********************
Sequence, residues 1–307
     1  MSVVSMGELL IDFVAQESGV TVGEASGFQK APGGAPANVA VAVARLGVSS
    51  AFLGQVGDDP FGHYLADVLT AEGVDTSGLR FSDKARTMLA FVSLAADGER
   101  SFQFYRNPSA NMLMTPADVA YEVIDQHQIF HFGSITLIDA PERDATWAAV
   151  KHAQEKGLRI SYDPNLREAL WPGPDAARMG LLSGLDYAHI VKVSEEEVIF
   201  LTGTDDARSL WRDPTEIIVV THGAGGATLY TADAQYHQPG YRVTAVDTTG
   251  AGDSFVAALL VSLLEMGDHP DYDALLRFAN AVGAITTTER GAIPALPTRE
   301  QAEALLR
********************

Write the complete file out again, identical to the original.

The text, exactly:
Sequence, residues 1–307
     1  MSVVSMGELL IDFVAQESGV TVGEASGFQK APGGAPANVA VAVARLGVSS
    51  AFLGQVGDDP FGHYLADVLT AEGVDTSGLR FSDKARTMLA FVSLAADGER
   101  SFQFYRNPSA NMLMTPADVA YEVIDQHQIF HFGSITLIDA PERDATWAAV
   151  KHAQEKGLRI SYDPNLREAL WPGPDAARMG LLSGLDYAHI VKVSEEEVIF
   201  LTGTDDARSL WRDPTEIIVV THGAGGATLY TADAQYHQPG YRVTAVDTTG
   251  AGDSFVAALL VSLLEMGDHP DYDALLRFAN AVGAITTTER GAIPALPTRE
   301  QAEALLR